In one embodiment, the access card reader 130 is a short range reader that uses radio frequencies (“RF”) to energize a proximity card when the card is placed within the RF field of the reader, which causes the card to then emit a radio signal containing the ID number of the card. This technique is also known as RFID.
Instead of a pushbutton switch 120 used to notify the monitoring center 106 of a delivery attempt, it is contemplated that notification can be sent from the delivery agent using a wireless communication link. For example, a wireless transmitter carried by the driver can be wirelessly linked to receivers at the delivery location 200. The delivery agent can then drive up to the delivery location 200 and without leaving the truck, notify the monitoring center 106 that he is on site. A lamp, strobe or other visual and/or audio indication can be provided so that the delivery agent knows that the monitoring center 106 is aware of his presence. This will allow the delivery agent to exit the delivery vehicle and verify with 2-way audio and/or video that he is being monitored.
The media subsystem 110 has indoor or outdoor cameras 134, as may be appropriate for the mounting location, and a digital video recorder 136 (“DVR”). The cameras 134 can be analog color cameras that are able to capture VGA-like resolutions (480 lines) or otherwise provide enough detail to allow for the discrimination of the necessary image details. The DVR 136 is used to capture, digitize and store the image captured by the analog cameras 134. Alternatively, an analog-to-digital video encoder (not shown) can be used to digitize the image data for transmission to the monitoring center 106 instead of the DVR 136 if local recording of the video is not required. As still another alternative, digital cameras with appropriate resolutions can be used. Use of digital cameras allows the direct transmission of image data to the monitoring center 106 where it can be stored and/or further processed. It is also noted that, in either the digital or analog case, black/white cameras can be used to reduce implementation cost and bandwidth requirements. Use of Pan/Tilt/Zoom cameras can allow the remote agent to receive more details about the delivery. Media subsystem 110 provides for archiving of video and audio locally via DVR 136 or a voice recorder. Database 184 provides for archiving of video and audio remotely at the monitoring center 106.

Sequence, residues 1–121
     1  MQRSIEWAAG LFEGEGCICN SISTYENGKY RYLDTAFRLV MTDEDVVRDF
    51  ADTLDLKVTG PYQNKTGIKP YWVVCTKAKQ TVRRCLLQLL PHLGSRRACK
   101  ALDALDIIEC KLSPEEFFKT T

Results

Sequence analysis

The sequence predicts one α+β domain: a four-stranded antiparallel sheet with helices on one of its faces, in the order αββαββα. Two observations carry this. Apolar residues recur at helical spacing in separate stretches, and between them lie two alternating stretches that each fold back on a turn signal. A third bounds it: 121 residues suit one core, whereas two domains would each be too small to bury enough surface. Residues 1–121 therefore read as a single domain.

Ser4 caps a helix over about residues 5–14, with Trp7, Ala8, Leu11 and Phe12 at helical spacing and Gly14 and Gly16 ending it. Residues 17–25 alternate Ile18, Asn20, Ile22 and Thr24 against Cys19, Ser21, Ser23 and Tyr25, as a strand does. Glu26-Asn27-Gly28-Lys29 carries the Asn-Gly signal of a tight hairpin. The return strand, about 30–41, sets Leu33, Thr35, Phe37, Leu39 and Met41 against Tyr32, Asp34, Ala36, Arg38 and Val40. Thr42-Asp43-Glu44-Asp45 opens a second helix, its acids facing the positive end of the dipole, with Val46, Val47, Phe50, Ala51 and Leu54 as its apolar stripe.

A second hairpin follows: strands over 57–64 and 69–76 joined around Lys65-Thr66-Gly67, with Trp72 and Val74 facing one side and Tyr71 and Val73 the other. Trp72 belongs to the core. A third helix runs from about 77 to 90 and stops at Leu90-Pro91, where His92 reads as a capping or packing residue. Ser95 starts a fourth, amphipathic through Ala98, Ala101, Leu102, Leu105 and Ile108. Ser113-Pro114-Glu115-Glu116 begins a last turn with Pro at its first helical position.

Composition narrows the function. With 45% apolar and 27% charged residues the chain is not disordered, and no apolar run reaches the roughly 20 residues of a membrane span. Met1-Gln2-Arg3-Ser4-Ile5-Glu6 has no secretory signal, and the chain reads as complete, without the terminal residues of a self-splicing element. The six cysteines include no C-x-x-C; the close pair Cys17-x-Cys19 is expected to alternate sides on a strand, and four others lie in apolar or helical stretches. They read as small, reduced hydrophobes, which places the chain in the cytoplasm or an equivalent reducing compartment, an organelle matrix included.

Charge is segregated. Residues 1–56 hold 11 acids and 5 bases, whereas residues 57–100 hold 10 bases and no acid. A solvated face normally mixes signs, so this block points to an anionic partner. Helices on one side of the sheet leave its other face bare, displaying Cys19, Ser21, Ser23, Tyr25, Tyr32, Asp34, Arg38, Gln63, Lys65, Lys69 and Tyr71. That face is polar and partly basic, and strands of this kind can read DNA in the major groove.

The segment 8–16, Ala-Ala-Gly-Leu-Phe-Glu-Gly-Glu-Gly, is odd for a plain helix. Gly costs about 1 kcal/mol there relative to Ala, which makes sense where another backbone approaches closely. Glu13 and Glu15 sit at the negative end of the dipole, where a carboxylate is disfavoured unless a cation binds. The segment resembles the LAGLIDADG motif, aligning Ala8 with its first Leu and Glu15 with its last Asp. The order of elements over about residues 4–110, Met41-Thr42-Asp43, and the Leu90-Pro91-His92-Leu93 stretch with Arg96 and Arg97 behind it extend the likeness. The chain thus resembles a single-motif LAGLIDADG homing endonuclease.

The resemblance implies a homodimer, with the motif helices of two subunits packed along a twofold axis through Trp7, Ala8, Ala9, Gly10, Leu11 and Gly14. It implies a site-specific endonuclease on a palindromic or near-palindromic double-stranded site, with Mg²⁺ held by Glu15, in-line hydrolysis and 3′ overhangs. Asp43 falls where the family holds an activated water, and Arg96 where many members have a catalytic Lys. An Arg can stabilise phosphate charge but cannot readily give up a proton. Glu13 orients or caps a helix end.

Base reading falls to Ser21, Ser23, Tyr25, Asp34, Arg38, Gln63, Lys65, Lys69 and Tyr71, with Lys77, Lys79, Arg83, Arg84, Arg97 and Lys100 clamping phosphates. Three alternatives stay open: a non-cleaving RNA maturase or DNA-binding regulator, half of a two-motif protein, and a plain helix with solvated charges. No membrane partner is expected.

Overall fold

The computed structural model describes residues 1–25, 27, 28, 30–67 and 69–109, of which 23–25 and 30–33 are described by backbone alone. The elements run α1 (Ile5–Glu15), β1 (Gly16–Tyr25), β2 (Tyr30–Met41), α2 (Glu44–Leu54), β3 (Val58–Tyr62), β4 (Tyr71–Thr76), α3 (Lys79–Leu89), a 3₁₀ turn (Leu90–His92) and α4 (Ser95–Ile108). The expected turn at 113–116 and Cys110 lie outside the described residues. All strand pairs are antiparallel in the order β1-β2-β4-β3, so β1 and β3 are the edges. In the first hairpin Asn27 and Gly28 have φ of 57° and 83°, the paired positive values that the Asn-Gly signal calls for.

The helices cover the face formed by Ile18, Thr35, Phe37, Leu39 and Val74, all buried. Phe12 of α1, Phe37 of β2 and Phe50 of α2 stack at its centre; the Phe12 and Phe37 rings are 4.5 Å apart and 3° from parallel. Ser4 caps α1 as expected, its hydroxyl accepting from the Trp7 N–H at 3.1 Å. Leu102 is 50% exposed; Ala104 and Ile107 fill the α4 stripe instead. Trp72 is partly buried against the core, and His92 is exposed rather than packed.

Network subsystem 112 includes those components used to interface the customer location 200 (FIG. 2) to communications network 104 such as a network switch 138 with a firewall and a standard DSL modem 142. Of course, it is contemplated that other networking technologies can be used such as a cable modem, leased line connection, wireless network hardware, etc.
Delivery acknowledgement subsystem 114 includes a network printer 144 to print delivery confirmation receipts that the delivery person can take with them once a delivery has been verified. One embodiment uses a strip printer that prints on thermal paper that has a network interface such as an Ethernet interface. Data to be printed is sent directly to the printer 144 from the monitoring application via the communication network 104. An exemplary format is standard ASCII data sent in the sequence to be printed.
Burglar alarm subsystem 116 includes a burglar alarm (“BA”) unit 146, door sensors 148, motion sensors 150, an audio alarm 152, a microphone 154, a speaker 156, speaker amplifiers 158, microphone amplifiers 160, and a keypad 162. The speakers 156 and speaker amplifiers 158 are known parts of a sound system appropriate for use in carrying voice messages. The microphone 160 is an omni-directional microphone capable of capturing voices/sounds in the receiving area 202. A microphone amplifier 158 controllable by the remote agent can be used to obtain a desired level of audio sensitivity. It is contemplated that the audio communications can be bi-directional to allow communication between the delivery agent and the monitoring agent. Both omni-directional and bi-directional audio communications can be recorded and played locally at the customer premises equipment 102 and remotely at the monitoring center 106. Of course, a bi-directional video link can also be implemented to allow the monitoring agent and the delivery agent to observe each other.
Door sensors 148 and motion sensors 150 are similar to those used for the access control subsystem 108. These sensors detect when an intrusion has occurred and the burglar alarm unit 146 activates the audio alarm 152 on premises if the proper code is not entered on the keypad 162 within a short period of time. Burglar alarm subsystem 116 may also notify a central monitoring station 164 of the intrusion via a connection to the PSTN 104B so that appropriate action can be taken by a monitoring agent. In an alternate embodiment, the burglar alarm unit 146 uses the Internet 104A (or other digital network) instead of the PSTN 104B to communicate with the monitoring application at the monitoring center 106.
When the burglar alarm subsystem 116 is not implemented, the 2-way audio function can be implemented using an audio encoder/decoder to convert the audio signals to and from the digital signals required for transport between the customer premises, i.e., the delivery location and the monitoring center 106. Similarly, bi-directional digital or digitized analog video can be implemented using digital video cameras or encoders/decoders.